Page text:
The Draining of Castle Semple Loch

Around 13,000 years ago, all of Renfrewshire west of the Black Cart was an island in the Clyde, twice the size of Arran and almost as dramatic. It is a sobering warning of the potential effects of climate change, that a warm period between glaciations had raised sea level by around thirty metres. At that time, it was possible to sail through the Lochwinnoch Gap from what is now Paisley, west to the Ayrshire coast at Irvine. Today this seems ridiculous, yet the Eglinton family tried to do the very same thing with a canal, until their ambitions dried up at Johnstone, less than half way from Glasgow to the coast

Half way along the Lochwinnoch Gap lies Castle Semple Loch, a focal point of the country park of Castle Semple Country Park. Three hundred years ago Castle Semple Loch and Barr Loch were one single stretch of water, six kilometres long. The lochs are only two or three metres deep, and the ground underneath is rich in decomposed vegetable matter. From the 1680s, a number of ambitious engineering projects were carried out to drain away the water, and create hundreds of acres of fertile farmland. The first scheme was more than 300 years ago, when the Semples began a scheme to make Castle Semple Loch ‘Meadow-Ground’.

The Draining of Castle Semple Loch Castle Semple Loch from Kenmuir Hill

At its east end, Castle Semple Loch drains away down the Black Cart via Johnstone, to the join the Gryfe and the White Cart, before meeting the Clyde at Inchinnan. Each successive drainage scheme had two main features. Firstly, the Black Cart was deepened at its outlet from the loch, to allow the water in the loch to drain away more easily. A dam and sluice were built at the outlet to allow the water level to be controlled. Secondly, as the loch emptied, a canal was dug down the centre to drain the water towards the Black Cart. The burns which flowed into the loch were channelled into this central canal. At the time, the Semple family were in decline, and the initial drainage scheme had limited results.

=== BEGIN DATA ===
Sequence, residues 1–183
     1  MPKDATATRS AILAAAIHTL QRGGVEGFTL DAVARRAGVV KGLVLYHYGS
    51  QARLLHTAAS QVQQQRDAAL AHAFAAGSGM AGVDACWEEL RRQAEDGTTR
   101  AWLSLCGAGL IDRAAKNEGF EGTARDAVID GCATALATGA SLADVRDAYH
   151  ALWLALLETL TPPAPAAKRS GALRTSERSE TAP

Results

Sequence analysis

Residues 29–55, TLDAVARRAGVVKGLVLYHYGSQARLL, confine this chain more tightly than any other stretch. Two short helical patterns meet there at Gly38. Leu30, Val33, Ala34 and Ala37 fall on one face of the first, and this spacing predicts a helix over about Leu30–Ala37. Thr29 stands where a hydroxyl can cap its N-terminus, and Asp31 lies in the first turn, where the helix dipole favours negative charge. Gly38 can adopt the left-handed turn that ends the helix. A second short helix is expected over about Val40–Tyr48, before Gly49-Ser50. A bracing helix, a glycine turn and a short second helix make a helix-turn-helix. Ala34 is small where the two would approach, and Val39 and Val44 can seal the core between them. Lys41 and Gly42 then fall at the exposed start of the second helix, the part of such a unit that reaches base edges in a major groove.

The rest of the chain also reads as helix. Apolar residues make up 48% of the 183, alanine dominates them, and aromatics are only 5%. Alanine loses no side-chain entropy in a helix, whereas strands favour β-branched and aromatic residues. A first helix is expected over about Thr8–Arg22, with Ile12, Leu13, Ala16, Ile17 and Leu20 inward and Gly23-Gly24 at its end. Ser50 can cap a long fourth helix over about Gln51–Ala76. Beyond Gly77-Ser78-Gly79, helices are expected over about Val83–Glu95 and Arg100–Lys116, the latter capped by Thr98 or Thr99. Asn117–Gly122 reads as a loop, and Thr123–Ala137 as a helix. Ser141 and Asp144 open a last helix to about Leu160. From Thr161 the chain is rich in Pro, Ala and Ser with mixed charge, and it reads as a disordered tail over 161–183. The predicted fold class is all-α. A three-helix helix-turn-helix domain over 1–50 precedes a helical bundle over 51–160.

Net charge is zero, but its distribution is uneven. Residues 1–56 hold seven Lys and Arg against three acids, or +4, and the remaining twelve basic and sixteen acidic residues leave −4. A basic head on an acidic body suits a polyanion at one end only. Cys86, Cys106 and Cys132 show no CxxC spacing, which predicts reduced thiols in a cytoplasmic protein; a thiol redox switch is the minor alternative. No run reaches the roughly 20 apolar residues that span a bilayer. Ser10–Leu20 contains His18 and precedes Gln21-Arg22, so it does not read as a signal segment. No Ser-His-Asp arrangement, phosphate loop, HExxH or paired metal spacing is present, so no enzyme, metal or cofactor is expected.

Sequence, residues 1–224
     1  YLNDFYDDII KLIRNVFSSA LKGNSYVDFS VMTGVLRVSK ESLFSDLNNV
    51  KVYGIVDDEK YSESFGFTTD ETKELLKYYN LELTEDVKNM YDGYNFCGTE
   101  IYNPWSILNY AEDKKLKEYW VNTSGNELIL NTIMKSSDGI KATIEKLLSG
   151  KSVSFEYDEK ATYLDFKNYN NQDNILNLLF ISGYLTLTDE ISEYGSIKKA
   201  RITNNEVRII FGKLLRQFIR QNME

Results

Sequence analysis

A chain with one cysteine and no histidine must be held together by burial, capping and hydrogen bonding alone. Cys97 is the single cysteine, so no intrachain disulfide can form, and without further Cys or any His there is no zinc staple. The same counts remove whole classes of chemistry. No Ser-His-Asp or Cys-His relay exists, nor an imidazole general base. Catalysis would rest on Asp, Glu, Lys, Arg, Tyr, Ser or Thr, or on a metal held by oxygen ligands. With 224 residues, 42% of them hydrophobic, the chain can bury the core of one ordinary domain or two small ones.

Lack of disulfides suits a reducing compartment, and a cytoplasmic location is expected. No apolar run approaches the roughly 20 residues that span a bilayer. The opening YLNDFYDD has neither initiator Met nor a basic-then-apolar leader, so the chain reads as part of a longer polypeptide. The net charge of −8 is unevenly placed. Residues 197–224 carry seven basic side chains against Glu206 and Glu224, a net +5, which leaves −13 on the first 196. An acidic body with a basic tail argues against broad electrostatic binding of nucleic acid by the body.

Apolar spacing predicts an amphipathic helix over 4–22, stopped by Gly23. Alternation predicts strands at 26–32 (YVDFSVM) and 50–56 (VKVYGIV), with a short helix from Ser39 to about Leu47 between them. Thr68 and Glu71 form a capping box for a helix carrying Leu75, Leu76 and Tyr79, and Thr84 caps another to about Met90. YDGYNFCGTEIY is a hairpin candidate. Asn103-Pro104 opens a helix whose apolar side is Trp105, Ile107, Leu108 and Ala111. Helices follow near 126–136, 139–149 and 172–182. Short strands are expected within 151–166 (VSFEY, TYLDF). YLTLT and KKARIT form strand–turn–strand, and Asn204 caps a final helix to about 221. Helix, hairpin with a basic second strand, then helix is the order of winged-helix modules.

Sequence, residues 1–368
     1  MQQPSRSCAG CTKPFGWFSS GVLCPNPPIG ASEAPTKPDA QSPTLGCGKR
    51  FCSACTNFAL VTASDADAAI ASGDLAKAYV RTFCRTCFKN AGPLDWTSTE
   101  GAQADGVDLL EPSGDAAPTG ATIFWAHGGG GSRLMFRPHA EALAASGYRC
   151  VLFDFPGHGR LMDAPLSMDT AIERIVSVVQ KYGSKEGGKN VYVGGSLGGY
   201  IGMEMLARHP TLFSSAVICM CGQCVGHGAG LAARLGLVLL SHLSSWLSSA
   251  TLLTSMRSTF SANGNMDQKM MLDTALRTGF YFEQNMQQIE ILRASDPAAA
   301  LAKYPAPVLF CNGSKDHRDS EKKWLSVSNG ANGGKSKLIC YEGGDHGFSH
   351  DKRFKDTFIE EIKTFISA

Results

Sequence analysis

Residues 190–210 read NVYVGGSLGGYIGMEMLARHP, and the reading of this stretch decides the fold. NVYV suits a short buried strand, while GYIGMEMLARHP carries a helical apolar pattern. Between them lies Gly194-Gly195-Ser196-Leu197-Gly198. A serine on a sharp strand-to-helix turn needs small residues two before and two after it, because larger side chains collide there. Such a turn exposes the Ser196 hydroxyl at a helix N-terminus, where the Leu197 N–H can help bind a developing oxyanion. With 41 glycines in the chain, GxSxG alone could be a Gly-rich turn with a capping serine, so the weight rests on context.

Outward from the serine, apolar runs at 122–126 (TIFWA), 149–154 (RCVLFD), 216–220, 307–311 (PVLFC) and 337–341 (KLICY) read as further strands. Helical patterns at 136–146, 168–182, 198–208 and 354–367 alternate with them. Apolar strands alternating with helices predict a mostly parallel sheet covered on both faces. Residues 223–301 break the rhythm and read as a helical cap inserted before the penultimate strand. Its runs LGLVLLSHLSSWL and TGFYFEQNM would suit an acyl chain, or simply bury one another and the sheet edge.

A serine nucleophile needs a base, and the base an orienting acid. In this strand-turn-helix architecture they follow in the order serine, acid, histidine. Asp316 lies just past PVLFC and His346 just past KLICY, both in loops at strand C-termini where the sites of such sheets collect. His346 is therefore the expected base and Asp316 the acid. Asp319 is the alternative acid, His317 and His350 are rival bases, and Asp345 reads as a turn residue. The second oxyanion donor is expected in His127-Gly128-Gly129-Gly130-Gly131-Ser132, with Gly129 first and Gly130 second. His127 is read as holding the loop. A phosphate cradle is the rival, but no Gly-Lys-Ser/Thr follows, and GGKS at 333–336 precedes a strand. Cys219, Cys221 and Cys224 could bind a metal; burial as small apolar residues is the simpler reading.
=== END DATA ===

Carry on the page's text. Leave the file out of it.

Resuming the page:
In 1726 Castle Semple was purchased by sugar planter William McDowall, on his return from the Caribbean. McDowall purchased Castle Semple estate specifically ‘in expectations of making it a profitable purchase, in the hope of draining the loch of about 500 acres, which will be of more value than the estate’.

© 2015 Stuart Nisbet, Renfrewshire Local History Forum     (Click on image to enlarge)